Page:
Tom Loveless examines the crucial role of the time that youngsters spend learning and how this will change—both in school and at home.
Bill Evers shows why today's push for national education standards will be replaced by an array of high-quality academic standards.
Eric Hanushek shows how changes in assessment, and the data resulting from them, will be productively applied to boosting student performance.
Martin West examines the changing roles of the federal government, states, and school districts amid ongoing centralization of funding for public education.
Paul Hill describes how local school systems will be transformed from staid bureaucracies into high-performance organizations.
Terry Moe describes the new politics of American education as technology permeates the system and school choice becomes ubiquitous.
In her second essay, Hoxby states that schools will be financed by a portable, per-child budget funded through payroll and sales taxes. Bad schools will be driven out of the market as students leave to go to better schools.
Herb Walberg shows—and applauds—the transformative effects of privatization and vouchers on the education system.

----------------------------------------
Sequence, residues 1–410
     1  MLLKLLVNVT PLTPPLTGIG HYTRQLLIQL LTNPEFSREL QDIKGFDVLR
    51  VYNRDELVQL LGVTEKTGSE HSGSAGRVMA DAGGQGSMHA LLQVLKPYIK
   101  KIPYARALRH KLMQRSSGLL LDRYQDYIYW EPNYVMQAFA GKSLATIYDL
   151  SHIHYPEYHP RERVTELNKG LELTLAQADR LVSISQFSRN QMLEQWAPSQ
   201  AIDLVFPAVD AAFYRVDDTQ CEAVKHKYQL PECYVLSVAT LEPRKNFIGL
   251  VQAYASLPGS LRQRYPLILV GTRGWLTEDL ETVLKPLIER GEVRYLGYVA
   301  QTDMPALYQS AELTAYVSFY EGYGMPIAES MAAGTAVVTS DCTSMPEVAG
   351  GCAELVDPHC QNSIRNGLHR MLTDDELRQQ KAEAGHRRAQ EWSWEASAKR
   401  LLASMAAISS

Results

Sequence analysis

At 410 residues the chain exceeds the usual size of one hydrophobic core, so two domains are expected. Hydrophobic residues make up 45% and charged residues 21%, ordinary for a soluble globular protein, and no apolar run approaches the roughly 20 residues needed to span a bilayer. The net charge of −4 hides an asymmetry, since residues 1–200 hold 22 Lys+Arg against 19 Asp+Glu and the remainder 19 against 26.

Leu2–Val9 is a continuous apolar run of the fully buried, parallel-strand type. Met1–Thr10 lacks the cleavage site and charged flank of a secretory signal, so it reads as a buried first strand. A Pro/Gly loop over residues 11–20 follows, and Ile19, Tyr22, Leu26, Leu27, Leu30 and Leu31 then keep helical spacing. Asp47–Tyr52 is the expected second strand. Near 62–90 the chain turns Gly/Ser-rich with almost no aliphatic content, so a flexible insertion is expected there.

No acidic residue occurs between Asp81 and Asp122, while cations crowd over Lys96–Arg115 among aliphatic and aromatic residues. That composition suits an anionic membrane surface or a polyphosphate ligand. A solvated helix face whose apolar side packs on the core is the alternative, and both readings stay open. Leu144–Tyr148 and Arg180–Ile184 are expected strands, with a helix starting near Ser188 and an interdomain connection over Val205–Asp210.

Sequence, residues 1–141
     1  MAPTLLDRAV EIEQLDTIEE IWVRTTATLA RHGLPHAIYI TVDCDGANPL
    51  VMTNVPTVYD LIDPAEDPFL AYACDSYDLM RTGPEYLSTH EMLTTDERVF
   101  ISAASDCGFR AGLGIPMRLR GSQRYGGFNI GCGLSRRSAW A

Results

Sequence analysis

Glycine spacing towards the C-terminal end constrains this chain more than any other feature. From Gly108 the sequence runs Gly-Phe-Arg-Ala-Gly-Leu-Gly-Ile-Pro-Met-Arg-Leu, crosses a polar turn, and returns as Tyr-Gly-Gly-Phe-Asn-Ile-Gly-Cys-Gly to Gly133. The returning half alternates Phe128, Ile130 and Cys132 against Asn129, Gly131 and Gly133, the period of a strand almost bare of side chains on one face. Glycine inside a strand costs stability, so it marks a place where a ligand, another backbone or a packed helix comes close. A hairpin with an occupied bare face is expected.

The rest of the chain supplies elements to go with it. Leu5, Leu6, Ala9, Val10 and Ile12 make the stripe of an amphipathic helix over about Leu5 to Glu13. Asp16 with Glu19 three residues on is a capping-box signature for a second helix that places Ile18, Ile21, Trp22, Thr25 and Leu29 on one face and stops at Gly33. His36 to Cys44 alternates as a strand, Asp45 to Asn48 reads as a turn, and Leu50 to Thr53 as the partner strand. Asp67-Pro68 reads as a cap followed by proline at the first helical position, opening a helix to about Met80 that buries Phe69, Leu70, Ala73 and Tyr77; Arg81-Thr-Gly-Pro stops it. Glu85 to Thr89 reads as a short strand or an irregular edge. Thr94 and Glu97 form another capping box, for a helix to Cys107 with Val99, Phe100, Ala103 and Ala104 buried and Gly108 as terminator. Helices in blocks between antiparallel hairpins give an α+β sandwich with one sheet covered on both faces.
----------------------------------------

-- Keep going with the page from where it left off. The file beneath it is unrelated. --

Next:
Finally, Finn describes the expansion of school choice, shows how obstacles to still greater expansion can be overcome, and illustrates the extent of education change that can occur in twenty years.
About the Authors
- Chester E. Finn Jr. is chairman of Hoover’s Koret Task Force on K–12 Education, a senior fellow at Hoover, and president of the Thomas B. Fordham Foundation.
- John E. Chubb is member of the Task Force on K–12 Education, a distinguished visiting fellow at Hoover, and CEO of Leeds Global Partners.
- Williamson M. Evers is member of the Task Force on K–12 Education, a research fellow at Hoover, and former U.S. assistant secretary of education.
- Eric Hanushek is member of the Task Force on K–12 Education, the Paul and Jean Hanna Senior Fellow at Hoover, and chairman of the Executive Committee for the Texas Schools Project at the University of Texas at Dallas.